In May the President's Cancer Panel issued a report that specified choosing organic food produced without any chemical pesticides or fertilizers as one of the leading ways to cut your risk of many cancers.

    Take Action:Dirty Dozen - StandUp2Cancer

    If you're watching your greenbacks at the grocery store (as most of us are these days), start where it counts most: choose organic animal products, including meat and dairy. Then move onto the Dirty Dozen the Environmental Working Group's list of most contaminated produce. You can also find several organic brands carried at Wal-Mart and other budget friendly stores, and many supermarkets now carry affordable organic lines of their own – simply ask your manager. As Michael Pollan recently wrote Pay More, Eat Less. It can do wonders for the quality of your diet (and your waistline too).

  2. Go Au Natural with Your Meat

    Choosing organic does more than just help you feel good about the conditions Daisy was in before she ended up on your dinner table – it helps keep you from ingesting antibiotics, hormones, and even (indirectly) toxic runoff from large livestock operations-3 specific items cited in the report as possibly raising cancer risk. Remember, animals are what they eat, so you want yours eating as cleanly and healthfully as possibly.

    Take Action:

    Buy USDA Certified organic beef, pork, poultry and dairy products.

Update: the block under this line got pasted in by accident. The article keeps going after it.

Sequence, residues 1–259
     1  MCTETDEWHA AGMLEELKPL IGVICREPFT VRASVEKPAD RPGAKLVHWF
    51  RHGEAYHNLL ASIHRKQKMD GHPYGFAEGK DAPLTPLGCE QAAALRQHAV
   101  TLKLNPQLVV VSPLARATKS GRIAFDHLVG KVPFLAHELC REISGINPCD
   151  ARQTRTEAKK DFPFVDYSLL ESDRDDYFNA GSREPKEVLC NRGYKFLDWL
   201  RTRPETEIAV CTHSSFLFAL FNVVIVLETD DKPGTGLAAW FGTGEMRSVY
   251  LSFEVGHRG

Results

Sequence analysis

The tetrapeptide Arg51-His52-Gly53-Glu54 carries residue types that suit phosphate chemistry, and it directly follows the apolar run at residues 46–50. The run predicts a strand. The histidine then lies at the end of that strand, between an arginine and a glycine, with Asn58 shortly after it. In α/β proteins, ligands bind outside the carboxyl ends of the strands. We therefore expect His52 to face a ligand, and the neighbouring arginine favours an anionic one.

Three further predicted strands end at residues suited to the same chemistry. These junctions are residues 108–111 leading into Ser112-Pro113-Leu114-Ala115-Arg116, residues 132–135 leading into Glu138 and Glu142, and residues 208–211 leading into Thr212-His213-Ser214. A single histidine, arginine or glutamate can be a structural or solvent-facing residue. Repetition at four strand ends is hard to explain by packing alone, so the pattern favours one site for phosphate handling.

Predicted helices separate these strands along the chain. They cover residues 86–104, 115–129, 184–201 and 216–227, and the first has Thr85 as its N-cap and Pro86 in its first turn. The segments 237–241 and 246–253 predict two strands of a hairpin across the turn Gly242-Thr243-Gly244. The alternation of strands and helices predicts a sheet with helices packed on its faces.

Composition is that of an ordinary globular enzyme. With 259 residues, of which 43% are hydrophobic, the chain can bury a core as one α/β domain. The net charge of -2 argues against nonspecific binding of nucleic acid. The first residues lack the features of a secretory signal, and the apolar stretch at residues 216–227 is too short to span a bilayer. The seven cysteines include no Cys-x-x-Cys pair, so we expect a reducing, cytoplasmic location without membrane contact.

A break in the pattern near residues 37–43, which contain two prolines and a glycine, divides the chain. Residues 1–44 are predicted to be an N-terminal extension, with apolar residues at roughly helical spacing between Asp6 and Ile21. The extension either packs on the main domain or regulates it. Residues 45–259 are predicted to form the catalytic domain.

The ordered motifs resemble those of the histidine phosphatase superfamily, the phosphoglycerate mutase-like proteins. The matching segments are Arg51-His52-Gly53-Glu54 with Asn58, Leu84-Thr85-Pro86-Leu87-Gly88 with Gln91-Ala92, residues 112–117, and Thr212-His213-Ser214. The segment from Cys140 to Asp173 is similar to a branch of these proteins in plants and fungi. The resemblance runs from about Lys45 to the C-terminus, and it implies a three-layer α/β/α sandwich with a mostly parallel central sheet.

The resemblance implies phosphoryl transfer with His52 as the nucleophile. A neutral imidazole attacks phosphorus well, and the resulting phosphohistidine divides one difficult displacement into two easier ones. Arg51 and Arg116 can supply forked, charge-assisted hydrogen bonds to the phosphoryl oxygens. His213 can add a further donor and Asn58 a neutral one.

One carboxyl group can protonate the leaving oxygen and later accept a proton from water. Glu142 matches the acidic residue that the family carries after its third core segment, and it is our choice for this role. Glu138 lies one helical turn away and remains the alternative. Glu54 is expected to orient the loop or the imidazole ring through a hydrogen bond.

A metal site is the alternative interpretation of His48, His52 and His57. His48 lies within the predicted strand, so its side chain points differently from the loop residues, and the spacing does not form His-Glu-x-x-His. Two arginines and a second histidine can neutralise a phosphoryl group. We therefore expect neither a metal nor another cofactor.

3. Pack Your Plate with Cancer Fighting Plant Foods

    Plant foods are not only eco-friendly and weight-loss superstars, but these foods pack a dizzying array of phytochemicals that do things like mop up free radicals, encourage apoptosis (cell death of unhealthy cells), and slow or stop tumor growth.

    Vegetables - StandUp2CancerTake Action:

    Packing 2/3 of your plate with fruits, vegetables, whole grains and beans at meals and snacks. And load up on color! Dark greens like kale, chard and spinach, brilliant oranges in butternut squash and sweet potato, and gorgeous American beauties like cranberries, cherries, blueberries and pomegranate (no need to ravage remote rainforest in the name of cancer fighting fruits) contain a host of dark pigments that pack vast armies of cancer fighting potential. Visit the American Institute for Cancer Research for helpful tips as well as complete summaries of the latest science concerning diet and cancer.

  4. Drink Filtered Water and Green Tea

    Drinking filtered tap water is not only much cheaper than bottled water by a factor of thousands, but it will minimize your risk of consuming endocrine disrupting chemicals and numerous other known or suspected carcinogens, and was another key suggestion of the President's Cancer Panel.